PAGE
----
• I threatened to resign to a small group. Most begged me to keep them on, I lost a couple (hurrah!) and more than one said "so you want everything ON 30 November in future?"
• Introducing a CRM took some effort and work with the clients, but has paid dividends.

Let's build up the strengths of our colleagues, not encourage them to wallow

Thanks (1)
Replying to davidross:
avatar
By johnjenkins
10th Dec 2020 10:00

No doubt your fall and rise gave you the experience to help others which is now paying dividends. Have you ever thought about going on the "coaching and speaking" circuit? I'm saying this not to be facetious but your last paragraph shows a certain courage that others may benefit from.

Thanks (0)
avatar
By Self-Employed and Happy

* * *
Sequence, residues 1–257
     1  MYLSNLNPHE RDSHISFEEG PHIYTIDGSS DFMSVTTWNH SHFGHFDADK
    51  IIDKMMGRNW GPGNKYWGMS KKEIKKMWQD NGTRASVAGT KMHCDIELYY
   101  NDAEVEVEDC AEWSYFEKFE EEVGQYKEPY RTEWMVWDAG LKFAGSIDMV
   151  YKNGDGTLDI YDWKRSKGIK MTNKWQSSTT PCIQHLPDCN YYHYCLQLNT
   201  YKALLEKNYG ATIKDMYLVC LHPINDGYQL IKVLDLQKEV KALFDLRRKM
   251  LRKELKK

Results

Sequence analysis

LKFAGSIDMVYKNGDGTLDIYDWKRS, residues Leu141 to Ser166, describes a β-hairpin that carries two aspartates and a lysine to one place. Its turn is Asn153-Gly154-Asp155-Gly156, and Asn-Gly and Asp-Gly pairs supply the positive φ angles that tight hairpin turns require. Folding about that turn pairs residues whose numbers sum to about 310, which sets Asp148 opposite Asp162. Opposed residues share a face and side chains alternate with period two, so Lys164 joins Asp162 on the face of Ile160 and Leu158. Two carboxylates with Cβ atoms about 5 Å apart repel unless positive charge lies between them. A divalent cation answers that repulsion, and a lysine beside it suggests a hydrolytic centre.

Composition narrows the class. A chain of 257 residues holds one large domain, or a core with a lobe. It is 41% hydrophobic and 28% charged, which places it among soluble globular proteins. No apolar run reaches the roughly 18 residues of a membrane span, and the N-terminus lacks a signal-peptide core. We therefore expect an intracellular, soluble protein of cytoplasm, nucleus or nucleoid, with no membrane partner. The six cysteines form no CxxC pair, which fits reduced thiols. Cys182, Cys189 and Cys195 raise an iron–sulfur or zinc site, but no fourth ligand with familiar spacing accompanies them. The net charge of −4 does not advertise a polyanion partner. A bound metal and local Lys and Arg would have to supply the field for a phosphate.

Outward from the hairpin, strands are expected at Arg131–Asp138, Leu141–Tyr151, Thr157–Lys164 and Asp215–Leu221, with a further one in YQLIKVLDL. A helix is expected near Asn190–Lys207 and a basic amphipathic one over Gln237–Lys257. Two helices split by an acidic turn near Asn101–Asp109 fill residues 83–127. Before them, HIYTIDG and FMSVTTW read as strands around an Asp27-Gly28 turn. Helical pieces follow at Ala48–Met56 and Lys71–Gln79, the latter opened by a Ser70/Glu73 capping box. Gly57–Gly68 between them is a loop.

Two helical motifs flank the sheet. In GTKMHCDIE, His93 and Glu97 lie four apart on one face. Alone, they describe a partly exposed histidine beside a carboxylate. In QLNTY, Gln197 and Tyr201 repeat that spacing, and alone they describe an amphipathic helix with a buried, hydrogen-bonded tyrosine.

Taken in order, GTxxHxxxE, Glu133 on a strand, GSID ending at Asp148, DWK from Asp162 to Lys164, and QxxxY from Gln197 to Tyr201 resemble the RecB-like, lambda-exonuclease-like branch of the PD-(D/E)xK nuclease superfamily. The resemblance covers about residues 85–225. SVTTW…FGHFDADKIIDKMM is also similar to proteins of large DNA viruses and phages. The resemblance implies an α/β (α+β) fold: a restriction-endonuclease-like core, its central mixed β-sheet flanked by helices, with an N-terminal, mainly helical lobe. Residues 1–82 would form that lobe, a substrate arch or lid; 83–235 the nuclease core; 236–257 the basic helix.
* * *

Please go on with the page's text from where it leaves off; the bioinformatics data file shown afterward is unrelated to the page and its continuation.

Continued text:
10th Dec 2020 16:01

I can only ever really feel it will be larger firms that are feeling the "hurt" of less efficient WFH meaning they are behind.

I think if you've always had a drive to ensure all clients comply with your dates or bin them then you'll never find yourself in a state.

Sure, payroll has taken longer due to all the Furlough etc, some in fact have really taken a LONG time, nurseries with part government funding, separate bubbles a few get Covid it's a nightmare.

Sure HMRC have been (not the advisors fault) utterly useless, today for example I spent 3 hours on the Self Assessment Chat and an advisor never became available, I had to go old school and spend 30 minutes on hold instead by ringing them.